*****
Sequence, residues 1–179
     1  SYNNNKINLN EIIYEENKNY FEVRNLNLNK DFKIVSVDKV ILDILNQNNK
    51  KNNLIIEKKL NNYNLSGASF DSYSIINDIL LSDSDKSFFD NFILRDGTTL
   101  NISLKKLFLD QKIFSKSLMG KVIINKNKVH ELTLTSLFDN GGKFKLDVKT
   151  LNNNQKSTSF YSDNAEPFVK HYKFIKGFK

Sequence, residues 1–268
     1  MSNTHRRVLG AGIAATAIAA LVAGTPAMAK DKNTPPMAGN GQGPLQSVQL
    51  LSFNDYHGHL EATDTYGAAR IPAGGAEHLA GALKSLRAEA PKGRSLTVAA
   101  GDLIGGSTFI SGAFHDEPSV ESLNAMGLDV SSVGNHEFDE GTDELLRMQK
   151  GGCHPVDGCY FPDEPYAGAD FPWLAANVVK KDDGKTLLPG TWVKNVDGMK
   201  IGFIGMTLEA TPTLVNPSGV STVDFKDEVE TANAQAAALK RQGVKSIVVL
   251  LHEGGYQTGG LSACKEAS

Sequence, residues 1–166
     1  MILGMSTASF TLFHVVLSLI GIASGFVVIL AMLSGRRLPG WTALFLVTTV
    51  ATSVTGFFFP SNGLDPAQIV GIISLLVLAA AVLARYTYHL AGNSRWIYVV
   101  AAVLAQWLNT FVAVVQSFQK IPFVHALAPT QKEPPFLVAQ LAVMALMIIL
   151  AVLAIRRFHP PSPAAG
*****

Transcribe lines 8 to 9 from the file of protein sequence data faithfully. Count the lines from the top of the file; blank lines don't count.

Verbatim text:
    51  LSFNDYHGHL EATDTYGAAR IPAGGAEHLA GALKSLRAEA PKGRSLTVAA
   101  GDLIGGSTFI SGAFHDEPSV ESLNAMGLDV SSVGNHEFDE GTDELLRMQK